- the house and outbuildings in Francis Street, Richmond, and all the lands belonging thereto, namely farms known as LANGLEY's and GILE's, which Joseph had purchased;
- Andrew NORTH's allotment in the township. These were to be passed on to William ONUS upon the decease of Ann; or if she remarried she was to forfeit all right to them and they were to go to Joseph ONUS to hold until William turned 21.
- 560 acres of land in Howe's Valley known as Welsh's Farm which was a purchase from the Crown ;
- 50 of the best cows; 7 horses or mares; and a fourth of the remaining cattle.
Ann was to receive all rent and pay all debts on land allocated to the children until they turned 21. Presumably Ann received also the money in Joseph's bank accounts, although the will does not stress this specifically.
To Elizabeth TOWN, eldest daughter, aged 24:-
- 50 acres at Kurrajong (the grant made in 1821), to go to John TOWN Jnr when he turned 21; - 20 cows.
To Mary Ann EATON, second daughter, aged 22:-
- 300 acres (the northern part of the 1000 acres on the west bank of Cockfighter Creek or Wollombi Brook, that Joseph had been granted in 1825). Upon her death it was to be divided amongst her three eldest children not including the deceased one or any other deceased.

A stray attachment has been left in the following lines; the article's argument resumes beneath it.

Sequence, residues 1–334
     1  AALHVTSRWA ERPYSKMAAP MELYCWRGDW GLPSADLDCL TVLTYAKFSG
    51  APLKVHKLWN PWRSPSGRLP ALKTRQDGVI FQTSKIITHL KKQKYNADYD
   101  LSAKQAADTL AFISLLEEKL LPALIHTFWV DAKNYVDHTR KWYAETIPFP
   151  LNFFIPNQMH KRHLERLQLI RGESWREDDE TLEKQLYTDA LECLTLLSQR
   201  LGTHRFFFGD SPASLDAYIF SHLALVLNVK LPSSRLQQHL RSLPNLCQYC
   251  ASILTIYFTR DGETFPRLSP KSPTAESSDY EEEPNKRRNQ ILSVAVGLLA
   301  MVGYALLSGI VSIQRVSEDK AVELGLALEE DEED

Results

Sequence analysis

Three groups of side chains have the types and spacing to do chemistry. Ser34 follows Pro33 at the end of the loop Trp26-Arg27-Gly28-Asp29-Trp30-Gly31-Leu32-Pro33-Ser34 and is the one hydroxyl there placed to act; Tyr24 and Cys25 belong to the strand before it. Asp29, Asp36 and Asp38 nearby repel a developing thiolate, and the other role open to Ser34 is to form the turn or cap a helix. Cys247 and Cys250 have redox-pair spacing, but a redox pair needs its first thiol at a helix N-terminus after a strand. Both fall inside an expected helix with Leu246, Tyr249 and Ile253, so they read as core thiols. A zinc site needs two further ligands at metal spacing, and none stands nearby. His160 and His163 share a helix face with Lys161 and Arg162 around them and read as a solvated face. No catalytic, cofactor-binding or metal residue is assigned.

- 5 cows.
- husband John EATON received half the sheep.
To Susannah McALPIN, third daughter, aged 19:-
- 40 rods of land, being part of 4 acres in the main street (George Street), to go to her eldest surviving child when it turned 21;
- 20 cows.
To Joseph ONUS, eldest son, aged 17:-
-25 acres, part of Dight's Farm, currently held by Daniel EATON;
-45 acres known as Reeve's Farm, currently held by Jacob INNESS;
-3 allotments facing George BOWMAN's - "one where they are making bricks at present; one occupied by Henry CRICKETT and one occupied by Daniel EATON".